Saturday, March 17, 2012

Ruff Ruff

I have names picked out for when the day comes that we can get a dog. Twig is three and a half and I am two months away from having a baby, so getting a dog right now is not exactly the best time. Last night though, my husband and I started talking about it. Twig has a few friends with dogs, and she has a real fondness for them. Especially if they don't jump on her. My husband and I always assumed one day we would get one but not until she was at least five or six.

We even know what kind of dog we would want. In some ways it's easier to picture what adding a pet to this family would be like than what a new baby will be like. I had always wanted one growing up, but my family had their one dog before I was even born. My husband has had many though, and can't imagine life as a child without a pet. He had dogs, cats, turtles, snakes, birds and fish. He can recite all of their names, tell you what type they all were and how old he was when he had them. He says the value in having a pet as a kid is something he wants to pass on to our kids.

Teaching a child about caring for something other than themselves is the first thing that came to mind, and I agree with the importance of that. He also spoke of what it was like to lose a pet, and how experiencing the death of an animal was such a powerful lesson to learn at a young age. At this moment in time, Twig keeps bringing up death. I think mostly because it is a hot topic within her peers at preschool, but also because without much emotion attached to it, she is fascinated by it. Of course, at her age she doesn't totally get it, but I am much older than she is and I don't get it entirely myself. I do understand that it's forever and that's the part that will take her time to wrap her head around.

We had dinner guests the other night, and the little girl of six had unfortunately lost her father to cancer. This happened three years ago and death is something she is very comfortable talking about. So comfortable that she introduced concepts to Twig that have prompted many conversations since. She now knows that everyone dies, and that there are many different ways to die. She asked if she could die with me, and I interrupted just as this girl said, "Well, there is something called suicide...". I'm all for openness, but I am not quite ready for that. Twig now asks if most sick or old people are going to die soon.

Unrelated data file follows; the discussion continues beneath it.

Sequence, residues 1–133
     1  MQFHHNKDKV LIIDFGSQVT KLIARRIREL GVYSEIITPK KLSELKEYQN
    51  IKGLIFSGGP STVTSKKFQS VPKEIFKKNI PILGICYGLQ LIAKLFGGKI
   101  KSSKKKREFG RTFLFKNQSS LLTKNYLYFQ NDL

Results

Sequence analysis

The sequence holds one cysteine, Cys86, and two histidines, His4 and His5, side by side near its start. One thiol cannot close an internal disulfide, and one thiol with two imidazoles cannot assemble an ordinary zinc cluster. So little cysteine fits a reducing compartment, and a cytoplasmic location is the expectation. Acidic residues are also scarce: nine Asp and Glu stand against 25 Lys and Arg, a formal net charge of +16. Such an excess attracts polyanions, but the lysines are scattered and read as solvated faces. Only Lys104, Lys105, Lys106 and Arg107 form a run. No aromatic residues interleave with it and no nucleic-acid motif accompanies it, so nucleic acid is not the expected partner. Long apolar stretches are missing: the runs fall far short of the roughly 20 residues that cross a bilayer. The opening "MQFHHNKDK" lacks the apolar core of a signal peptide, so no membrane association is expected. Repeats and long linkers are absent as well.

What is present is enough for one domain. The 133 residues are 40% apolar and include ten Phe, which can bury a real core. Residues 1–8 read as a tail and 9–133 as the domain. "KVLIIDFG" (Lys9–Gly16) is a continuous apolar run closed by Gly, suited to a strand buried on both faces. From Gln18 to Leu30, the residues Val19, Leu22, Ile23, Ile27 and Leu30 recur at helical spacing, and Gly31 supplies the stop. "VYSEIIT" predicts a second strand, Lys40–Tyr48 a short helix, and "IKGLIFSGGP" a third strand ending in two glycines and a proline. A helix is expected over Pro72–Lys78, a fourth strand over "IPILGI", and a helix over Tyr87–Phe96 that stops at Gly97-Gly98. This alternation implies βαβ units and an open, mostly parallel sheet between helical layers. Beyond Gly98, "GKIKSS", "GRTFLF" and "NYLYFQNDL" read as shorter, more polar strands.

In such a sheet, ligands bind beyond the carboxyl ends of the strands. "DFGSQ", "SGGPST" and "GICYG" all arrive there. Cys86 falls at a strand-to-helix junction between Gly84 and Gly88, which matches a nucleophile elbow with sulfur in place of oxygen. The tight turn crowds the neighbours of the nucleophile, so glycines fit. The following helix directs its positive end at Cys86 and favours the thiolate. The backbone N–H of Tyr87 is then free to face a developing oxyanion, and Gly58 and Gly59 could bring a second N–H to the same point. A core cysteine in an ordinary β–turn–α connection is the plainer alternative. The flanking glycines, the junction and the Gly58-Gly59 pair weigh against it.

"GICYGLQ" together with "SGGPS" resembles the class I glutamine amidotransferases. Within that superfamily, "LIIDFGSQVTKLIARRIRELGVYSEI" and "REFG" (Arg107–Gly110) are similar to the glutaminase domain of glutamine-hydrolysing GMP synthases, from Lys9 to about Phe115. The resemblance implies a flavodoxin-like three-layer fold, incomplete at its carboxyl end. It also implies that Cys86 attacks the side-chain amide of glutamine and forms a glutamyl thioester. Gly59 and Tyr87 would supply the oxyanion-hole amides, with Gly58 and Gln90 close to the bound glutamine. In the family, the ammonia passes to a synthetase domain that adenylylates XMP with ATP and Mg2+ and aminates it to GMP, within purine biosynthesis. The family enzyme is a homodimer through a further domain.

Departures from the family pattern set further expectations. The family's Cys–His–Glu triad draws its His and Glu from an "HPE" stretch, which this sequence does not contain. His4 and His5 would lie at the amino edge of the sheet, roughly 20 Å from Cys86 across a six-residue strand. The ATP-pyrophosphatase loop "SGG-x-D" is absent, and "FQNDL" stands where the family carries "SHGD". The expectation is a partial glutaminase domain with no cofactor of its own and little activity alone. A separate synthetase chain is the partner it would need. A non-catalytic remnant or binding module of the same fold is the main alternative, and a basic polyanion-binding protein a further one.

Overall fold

Even though I never had a dog myself I have gotten attached to a few of my friend's dogs. Dagmar belongs to one of my closest friends. She has been by her side since I met her over ten years ago. She was a cuddle bug and we had a lot of fun together. Whenever I went to visit my friend I got the warmest welcome from her. These days she is getting older, but she has seen us through a lot. When I brought Twig over to her house when she was a few weeks old, Dagmar was so gentle and protective. Now my friend has two girls of her own. The second is only a month old and yesterday while taking Dagmar for a walk, her legs went out from under her. It is an emotional time to think my friend could lose such a close friend, but rarely do our pets outlive us. I just can't imagine how her almost three year old will handle such news. Whatever happens "Diggy" (as she is often called) has given a lot of people a lot of love. I do look forward to this family expanding our hearts to a furry friend one day too.

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